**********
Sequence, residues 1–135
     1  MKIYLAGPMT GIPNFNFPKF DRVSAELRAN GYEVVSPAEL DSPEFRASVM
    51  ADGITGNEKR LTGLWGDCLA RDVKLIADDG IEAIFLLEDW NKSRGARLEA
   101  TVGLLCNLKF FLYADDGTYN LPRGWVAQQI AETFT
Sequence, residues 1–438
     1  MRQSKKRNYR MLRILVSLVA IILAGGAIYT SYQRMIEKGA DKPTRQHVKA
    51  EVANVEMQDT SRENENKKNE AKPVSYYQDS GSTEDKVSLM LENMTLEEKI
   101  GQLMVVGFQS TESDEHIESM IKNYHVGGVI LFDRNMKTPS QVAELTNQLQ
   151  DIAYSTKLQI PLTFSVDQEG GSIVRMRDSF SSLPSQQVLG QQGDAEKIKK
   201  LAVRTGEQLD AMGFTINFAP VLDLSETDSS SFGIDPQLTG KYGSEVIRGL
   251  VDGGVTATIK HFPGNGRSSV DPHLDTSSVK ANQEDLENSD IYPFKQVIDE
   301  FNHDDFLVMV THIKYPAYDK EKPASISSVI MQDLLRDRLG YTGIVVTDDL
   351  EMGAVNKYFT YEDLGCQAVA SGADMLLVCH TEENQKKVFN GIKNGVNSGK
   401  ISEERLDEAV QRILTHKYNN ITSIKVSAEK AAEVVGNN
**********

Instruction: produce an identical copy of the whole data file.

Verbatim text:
Sequence, residues 1–135
     1  MKIYLAGPMT GIPNFNFPKF DRVSAELRAN GYEVVSPAEL DSPEFRASVM
    51  ADGITGNEKR LTGLWGDCLA RDVKLIADDG IEAIFLLEDW NKSRGARLEA
   101  TVGLLCNLKF FLYADDGTYN LPRGWVAQQI AETFT
Sequence, residues 1–438
     1  MRQSKKRNYR MLRILVSLVA IILAGGAIYT SYQRMIEKGA DKPTRQHVKA
    51  EVANVEMQDT SRENENKKNE AKPVSYYQDS GSTEDKVSLM LENMTLEEKI
   101  GQLMVVGFQS TESDEHIESM IKNYHVGGVI LFDRNMKTPS QVAELTNQLQ
   151  DIAYSTKLQI PLTFSVDQEG GSIVRMRDSF SSLPSQQVLG QQGDAEKIKK
   201  LAVRTGEQLD AMGFTINFAP VLDLSETDSS SFGIDPQLTG KYGSEVIRGL
   251  VDGGVTATIK HFPGNGRSSV DPHLDTSSVK ANQEDLENSD IYPFKQVIDE
   301  FNHDDFLVMV THIKYPAYDK EKPASISSVI MQDLLRDRLG YTGIVVTDDL
   351  EMGAVNKYFT YEDLGCQAVA SGADMLLVCH TEENQKKVFN GIKNGVNSGK
   401  ISEERLDEAV QRILTHKYNN ITSIKVSAEK AAEVVGNN